Symbiont announced the release of a software development kit for Assembly, the permissioned distributed ledger component of Symbiont's Smart Securities Platform—a bespoke blockchain independent of Bitcoin and Ethereum. According to the company, Assembly is a distributed ledger designed for use in institutional finance. “It is a highly secure, high-performance, Byzantine fault-tolerant distributed ledger, able to process a sustained 80,000 transactions per second in a regional multi-node network,” claims the Symbiont press release.
"Decentralized systems no longer have to be slow," said Symbiont's cofounder and CTO Adam Krellenstein. "We've proven that we can build a fast, secure and powerful distributed ledger capable of meeting the high demands of institutional finance." Krellenstein added that Symbiont welcomes inquiries from developers wishing to build blockchain applications on Assembly.
Included in the Assembly release, hosted on the Symbiont GitHub page, are the public specifications for a ledger API, a mock ledger server, a ledger client library, example client applications, and integration tests.
Some high-profile institutional and corporate clients are using Symbiont’s platform. Symbiont is working with the State of Delaware on the Delaware Blockchain Initiative to store state archival records on a distributed ledger. Allianz, a major European insurer, and Nephila Capital Limited have successfully piloted the use of blockchain smart contract technology based on the Symbiont platform in the catastrophe insurance market. Credit Suisse, Ipreo, Symbiont and R3 have successfully completed the initial stage of a project to demonstrate how blockchain technology can be used to improve the syndicated loan market.
The project, arranged by Credit Suisse and managed by R3 in its Lab and Research Center, leverages technology solutions from Synaps Loans LLC, a recently formed partnership combining Symbiont's smart contract technology with Ipreo's new business process solution to speed loan trade settlement.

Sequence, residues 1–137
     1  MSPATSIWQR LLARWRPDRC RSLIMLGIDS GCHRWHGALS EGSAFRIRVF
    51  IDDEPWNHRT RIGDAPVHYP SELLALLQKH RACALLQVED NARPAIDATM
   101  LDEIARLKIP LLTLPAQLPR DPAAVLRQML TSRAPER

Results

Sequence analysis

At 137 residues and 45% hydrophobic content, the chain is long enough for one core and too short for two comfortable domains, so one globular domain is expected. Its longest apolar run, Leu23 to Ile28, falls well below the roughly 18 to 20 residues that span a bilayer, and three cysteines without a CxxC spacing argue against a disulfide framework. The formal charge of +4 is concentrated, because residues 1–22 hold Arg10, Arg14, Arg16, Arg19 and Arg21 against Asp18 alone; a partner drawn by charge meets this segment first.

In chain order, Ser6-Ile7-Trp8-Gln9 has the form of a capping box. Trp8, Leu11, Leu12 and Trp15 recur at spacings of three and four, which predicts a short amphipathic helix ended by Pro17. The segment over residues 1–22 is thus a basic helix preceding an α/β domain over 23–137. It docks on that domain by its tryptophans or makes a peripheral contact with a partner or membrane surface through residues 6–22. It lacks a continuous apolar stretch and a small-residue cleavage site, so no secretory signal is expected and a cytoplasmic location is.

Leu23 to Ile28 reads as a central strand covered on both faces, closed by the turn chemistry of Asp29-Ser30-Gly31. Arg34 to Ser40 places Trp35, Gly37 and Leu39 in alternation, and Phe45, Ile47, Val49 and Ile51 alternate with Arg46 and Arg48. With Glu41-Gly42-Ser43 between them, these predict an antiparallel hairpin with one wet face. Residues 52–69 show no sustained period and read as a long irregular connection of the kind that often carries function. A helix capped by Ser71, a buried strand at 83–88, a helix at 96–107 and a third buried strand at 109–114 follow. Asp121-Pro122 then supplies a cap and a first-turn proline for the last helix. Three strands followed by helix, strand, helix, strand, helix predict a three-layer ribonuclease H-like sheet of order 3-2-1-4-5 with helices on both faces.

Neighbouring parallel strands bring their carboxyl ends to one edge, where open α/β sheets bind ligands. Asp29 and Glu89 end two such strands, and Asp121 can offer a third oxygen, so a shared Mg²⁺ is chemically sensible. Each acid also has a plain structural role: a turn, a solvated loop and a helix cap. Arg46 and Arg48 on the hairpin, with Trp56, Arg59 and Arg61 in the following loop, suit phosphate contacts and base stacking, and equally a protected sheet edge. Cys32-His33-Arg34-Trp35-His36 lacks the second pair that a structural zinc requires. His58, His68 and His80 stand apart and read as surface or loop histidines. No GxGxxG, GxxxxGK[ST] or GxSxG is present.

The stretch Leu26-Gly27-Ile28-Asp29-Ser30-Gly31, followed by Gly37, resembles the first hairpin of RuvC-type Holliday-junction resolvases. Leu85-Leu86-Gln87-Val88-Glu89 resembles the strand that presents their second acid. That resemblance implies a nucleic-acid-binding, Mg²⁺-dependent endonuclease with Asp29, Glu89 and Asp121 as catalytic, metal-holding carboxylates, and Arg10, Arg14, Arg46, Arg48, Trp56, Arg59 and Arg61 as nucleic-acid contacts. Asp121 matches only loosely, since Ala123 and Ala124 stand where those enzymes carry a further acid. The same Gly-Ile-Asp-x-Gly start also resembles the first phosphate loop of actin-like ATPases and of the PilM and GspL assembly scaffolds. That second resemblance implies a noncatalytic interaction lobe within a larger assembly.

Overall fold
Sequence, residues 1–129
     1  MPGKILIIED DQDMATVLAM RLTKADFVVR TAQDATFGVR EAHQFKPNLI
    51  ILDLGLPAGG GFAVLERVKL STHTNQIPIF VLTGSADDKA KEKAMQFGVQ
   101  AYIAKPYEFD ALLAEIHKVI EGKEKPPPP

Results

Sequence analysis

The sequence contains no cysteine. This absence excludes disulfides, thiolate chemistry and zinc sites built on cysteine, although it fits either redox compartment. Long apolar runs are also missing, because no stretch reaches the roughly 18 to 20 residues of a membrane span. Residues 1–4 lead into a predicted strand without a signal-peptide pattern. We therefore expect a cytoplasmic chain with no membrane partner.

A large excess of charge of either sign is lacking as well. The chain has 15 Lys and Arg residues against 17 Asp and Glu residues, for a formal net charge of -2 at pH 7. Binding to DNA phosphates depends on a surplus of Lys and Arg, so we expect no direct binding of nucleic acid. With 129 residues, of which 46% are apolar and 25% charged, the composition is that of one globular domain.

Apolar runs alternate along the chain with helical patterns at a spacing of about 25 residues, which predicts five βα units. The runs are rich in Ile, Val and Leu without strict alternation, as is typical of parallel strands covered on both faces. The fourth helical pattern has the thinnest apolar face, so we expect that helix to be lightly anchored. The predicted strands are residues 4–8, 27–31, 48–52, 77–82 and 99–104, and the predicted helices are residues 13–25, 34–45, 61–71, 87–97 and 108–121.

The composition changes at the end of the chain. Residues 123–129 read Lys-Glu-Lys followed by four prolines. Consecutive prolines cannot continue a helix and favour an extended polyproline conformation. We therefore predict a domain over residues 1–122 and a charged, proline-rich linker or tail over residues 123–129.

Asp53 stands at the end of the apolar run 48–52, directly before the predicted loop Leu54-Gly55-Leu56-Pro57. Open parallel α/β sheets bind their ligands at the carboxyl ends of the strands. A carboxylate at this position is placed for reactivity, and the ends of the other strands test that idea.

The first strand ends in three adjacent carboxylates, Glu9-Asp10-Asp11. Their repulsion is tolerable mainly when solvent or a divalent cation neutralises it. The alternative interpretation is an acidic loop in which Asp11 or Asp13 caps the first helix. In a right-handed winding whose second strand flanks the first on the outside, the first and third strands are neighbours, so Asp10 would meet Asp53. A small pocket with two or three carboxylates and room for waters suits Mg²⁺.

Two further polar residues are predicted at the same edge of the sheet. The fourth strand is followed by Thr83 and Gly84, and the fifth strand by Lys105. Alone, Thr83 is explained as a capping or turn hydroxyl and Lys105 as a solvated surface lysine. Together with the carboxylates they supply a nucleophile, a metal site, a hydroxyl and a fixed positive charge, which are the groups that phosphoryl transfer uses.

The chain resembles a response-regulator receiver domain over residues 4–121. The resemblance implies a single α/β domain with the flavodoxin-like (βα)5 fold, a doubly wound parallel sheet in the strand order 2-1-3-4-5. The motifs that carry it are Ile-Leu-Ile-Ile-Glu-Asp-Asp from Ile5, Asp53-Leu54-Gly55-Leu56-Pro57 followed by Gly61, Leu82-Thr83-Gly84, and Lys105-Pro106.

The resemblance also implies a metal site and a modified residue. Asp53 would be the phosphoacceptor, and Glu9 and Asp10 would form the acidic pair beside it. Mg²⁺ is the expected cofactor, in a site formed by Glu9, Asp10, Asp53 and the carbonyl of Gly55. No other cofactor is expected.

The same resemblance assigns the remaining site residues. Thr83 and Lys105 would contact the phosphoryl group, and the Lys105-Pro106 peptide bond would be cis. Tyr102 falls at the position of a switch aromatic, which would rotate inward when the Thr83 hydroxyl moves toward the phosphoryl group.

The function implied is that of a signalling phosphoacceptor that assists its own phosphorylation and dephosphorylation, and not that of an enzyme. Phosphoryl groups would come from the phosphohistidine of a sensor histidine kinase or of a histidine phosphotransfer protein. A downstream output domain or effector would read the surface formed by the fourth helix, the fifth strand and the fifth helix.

Bitcoin Magazine reached out to Krellenstein to find out more. “Assembly, and its public SDK, are standalone pieces of software for use by developers of blockchain companies in different industries that need a performant and secure distributed ledger on which to build their products,” Krellenstein told Bitcoin Magazine. “Assembly is the data storage and consensus system for the Symbiont Smart Securities Platform, and it's our smart contracts system that implements the logic of financial instruments.”
The throughput performance quoted in the announcement is impressive. “We measured the sustained performance of 80,000 transactions per second on a deployment on a regional AWS network,” explained Krellenstein. “We achieve our high performance with the maturity and sophistication of our implementation of an advanced BFT [Byzantine Fault-Tolerance] algorithm.”
Krellenstein added that these performance numbers are in line with those of previous academic benchmarks of Byzantine Fault-Tolerance consensus algorithms, such as Practical Byzantine Fault-Tolerance (PBFT) and BFT-SMaRt, explained in a Symbiont blog post.
“Symbiont’s ledger is currently processing 80,000 transactions per second in a single region and tens of thousands per second globally. Plus, transaction latency is on the order of milliseconds,” said Wall Street veteran Caitlin Long, who joined Symbiont in August as president and chairman of the board of directors. “So Symbiont’s software is not just outperforming all competitors whose comparable statistics we know—it’s outperforming them by multiple orders of magnitude.”
“Assembly is the dedicated distributed ledger component of the Symbiont Smart Securities Platform, which was designed for use in enterprise finance,” Krellenstein told Bitcoin Magazine, in explaining the differences between the Symbiont platform and the Hyperledger Project, a collaborative cross-industry effort to advance blockchain technology led by The Linux Foundation. “Hyperledger is a collection of community-driven open source projects with multiple incompatible designs, implementations and codebases.”
Krellenstein declined to comment on the parallels and differences between Symbiont’s platform and Overstock’s “cryptostock exchange” t0. The question was asked because t0 is derived from Overstock’s “Medici” platform, which was initially built on a software platform developed by Krellenstein and the Counterparty team.
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